The decree promoting Ratko Mladic to the rank of a four-star general, signed by the then president of the FRY on 16 June 1994 – is the only record entered in Mladic’s “personnel file” in the period from his arrival in Sarajevo in May 1992 until his removal from the records of the VJ professional military personnel in June 2001 is. Who was Mladic’s supreme commander: Zoran Lilic or Radovan Karadzic?

Ratko MladicRatko Mladic

According to the information in Ratko Mladic’s personnel file, his military career spans the period from 27 September 1965, when he joined the JNA after graduating from the military academy, to 28 February 2002 when he was “discharged from professional military service” pursuant to a decree of the president of Republika Srpska. The details from his file have been published in the press all over the world recently – from the Sarajevo Avaz to the London Times.

His JNA/VJ personnel file shows a huge black hole in his career. After his posting to the Chief of Staff of the Second Military District Command in Sarajevo, pursuant to a decree of the rump SFRY Presidency of 25 April 1992, Mladic’s “paper trail” in the JNA/VJ files disappears. One might say that it is only logical given that the JNA withdrew from BH in May 1992 and Mladic was appointed a commander of another army, in another country.

However, there are two or three details in his personnel file that do not support this logic. The first is that on 16 June 1994 Ratko Mladic received an early promotion to four-star general pursuant to a decree issued by the then president of FR Yugoslavia, Zoran Lilic. Heads of state do sometimes bestow the highest decorations on the army commanders of friendly states, but this is probably a unique case: the president of a country which is “not involved in the war” promotes to a higher rank a commander in the military of another state which has emerged from the war. Someone might conclude that Zoran Lilic was Ratko Mladic's supreme commander, not Radovan Karadzic. This may indeed be the reason why the Belgrade authorities were reluctant for so long to respond to the request of the OTP to hand over Mladic’s military file.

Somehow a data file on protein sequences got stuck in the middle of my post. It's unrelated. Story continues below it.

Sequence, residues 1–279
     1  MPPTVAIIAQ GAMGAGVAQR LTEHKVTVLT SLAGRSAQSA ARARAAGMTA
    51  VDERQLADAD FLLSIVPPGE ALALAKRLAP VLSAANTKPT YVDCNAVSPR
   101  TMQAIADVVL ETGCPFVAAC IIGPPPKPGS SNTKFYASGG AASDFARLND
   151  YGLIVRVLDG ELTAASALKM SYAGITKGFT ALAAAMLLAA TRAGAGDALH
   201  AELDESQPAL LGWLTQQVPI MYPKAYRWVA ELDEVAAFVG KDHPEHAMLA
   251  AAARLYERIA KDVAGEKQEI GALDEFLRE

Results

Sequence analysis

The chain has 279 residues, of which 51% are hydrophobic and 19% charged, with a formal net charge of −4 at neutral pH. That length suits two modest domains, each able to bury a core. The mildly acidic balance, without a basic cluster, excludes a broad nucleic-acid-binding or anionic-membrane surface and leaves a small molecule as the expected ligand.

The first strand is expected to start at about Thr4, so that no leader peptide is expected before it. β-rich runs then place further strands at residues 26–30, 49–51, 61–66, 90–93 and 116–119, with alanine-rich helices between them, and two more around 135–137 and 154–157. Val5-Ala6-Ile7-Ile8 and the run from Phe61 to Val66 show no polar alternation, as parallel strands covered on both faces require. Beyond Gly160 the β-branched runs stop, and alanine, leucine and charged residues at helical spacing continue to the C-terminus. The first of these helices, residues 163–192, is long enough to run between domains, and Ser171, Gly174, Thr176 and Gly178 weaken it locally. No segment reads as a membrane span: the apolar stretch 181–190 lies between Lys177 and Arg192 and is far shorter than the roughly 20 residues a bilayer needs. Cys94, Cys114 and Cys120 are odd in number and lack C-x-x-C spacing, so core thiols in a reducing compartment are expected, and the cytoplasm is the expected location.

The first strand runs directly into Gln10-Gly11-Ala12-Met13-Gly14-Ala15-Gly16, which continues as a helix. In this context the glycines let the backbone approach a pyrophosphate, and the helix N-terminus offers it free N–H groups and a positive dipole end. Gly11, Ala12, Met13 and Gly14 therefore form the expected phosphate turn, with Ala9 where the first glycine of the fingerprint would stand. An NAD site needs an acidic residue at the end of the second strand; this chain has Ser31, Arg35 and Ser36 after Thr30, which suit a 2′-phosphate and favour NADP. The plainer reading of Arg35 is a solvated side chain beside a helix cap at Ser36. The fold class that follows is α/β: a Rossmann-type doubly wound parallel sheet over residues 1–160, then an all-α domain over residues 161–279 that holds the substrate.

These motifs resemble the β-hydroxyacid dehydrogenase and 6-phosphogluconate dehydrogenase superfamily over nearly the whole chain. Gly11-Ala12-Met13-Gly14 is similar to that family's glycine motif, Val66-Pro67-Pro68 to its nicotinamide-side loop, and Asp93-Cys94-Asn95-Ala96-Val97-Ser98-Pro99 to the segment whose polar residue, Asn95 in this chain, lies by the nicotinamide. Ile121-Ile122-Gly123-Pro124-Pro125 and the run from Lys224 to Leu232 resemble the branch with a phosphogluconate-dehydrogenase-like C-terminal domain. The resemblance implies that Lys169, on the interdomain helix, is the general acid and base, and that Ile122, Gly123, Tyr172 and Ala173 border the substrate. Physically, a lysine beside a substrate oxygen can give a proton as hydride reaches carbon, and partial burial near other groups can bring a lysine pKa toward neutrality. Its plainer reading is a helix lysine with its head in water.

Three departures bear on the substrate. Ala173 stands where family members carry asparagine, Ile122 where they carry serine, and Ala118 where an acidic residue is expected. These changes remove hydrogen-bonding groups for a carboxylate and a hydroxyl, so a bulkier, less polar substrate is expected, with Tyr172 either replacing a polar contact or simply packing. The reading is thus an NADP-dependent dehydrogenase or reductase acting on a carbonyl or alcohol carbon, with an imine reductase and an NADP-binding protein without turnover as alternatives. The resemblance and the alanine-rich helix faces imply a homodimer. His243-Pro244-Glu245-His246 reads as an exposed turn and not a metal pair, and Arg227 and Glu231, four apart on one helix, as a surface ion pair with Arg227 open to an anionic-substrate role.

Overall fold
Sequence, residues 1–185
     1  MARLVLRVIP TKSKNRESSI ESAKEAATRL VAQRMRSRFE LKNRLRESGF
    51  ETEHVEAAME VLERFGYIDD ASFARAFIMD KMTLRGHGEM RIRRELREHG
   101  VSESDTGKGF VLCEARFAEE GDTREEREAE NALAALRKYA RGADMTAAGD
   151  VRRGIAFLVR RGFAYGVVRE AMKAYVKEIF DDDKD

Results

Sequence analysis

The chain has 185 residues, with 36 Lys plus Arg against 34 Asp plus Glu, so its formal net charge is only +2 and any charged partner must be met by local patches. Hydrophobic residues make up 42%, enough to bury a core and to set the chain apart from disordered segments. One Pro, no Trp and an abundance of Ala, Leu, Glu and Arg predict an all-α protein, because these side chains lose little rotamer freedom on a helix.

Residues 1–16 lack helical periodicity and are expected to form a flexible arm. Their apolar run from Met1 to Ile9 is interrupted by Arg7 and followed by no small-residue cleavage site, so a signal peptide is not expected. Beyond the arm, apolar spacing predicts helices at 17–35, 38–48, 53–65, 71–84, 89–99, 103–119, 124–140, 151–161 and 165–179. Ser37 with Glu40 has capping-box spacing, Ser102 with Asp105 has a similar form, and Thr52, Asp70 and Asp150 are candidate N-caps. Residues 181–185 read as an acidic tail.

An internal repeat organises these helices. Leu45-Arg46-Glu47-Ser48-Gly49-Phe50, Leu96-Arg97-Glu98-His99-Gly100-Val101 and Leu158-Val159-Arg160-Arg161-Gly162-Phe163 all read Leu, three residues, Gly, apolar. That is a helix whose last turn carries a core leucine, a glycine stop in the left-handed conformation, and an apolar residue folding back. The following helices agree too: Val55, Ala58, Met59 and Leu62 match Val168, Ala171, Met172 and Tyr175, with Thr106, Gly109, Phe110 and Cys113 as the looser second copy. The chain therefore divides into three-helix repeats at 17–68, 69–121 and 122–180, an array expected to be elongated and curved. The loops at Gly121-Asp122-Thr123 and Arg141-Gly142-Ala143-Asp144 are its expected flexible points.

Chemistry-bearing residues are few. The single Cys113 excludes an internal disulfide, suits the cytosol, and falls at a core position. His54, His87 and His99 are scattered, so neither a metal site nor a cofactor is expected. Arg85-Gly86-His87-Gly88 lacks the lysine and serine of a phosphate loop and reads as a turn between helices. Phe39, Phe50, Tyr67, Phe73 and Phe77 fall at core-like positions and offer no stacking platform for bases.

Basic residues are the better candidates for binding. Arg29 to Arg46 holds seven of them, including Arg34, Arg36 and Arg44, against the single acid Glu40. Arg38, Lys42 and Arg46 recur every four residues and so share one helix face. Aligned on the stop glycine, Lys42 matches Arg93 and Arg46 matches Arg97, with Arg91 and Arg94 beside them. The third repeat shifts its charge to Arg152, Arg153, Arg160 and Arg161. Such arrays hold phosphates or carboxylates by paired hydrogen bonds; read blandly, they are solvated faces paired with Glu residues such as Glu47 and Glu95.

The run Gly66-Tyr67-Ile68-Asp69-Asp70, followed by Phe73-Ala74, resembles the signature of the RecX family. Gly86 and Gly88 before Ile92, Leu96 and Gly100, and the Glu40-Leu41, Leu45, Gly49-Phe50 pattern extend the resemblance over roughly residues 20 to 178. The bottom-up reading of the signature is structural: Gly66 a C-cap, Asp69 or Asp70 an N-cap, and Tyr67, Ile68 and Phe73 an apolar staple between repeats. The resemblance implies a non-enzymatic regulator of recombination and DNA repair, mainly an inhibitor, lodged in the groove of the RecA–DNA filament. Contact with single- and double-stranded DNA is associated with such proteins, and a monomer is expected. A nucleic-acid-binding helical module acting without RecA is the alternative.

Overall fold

After a note on his early promotion in June 1994, the personnel file does not contain any new entry about Mladic’s career until 16 June 2001, when he is “removed from the records of professional soldiers of the Yugoslav Army” by a decree of the then FRY president, Vojislav Kostunica. His future status, it is noted, “shall be regulated in accordance with the provisions of the Agreement on the Establishment of Special Parallel Relations between the FRY and Republika Srpska.”

It is interesting that this is the first entry in Mladic’s personnel file – in June 2001 – making explicit mention of Republika Srpska. The second and last time it is mentioned is in the decree of the RS president discharging Mladic from professional military service, dated 28 February 2002.

The part of his military curriculum that is absent from his personnel file has been reconstructed in the indictment in which Ratko Mladic is charged with genocide and other war crimes within the jurisdiction of the ICTY, committed between May 1992 and the end of the war in BH in November 1995 – which is precisely the period in which there are no entries in his personnel file, except for the one on his promotion to a four-star general, an honor he received from the president of another state.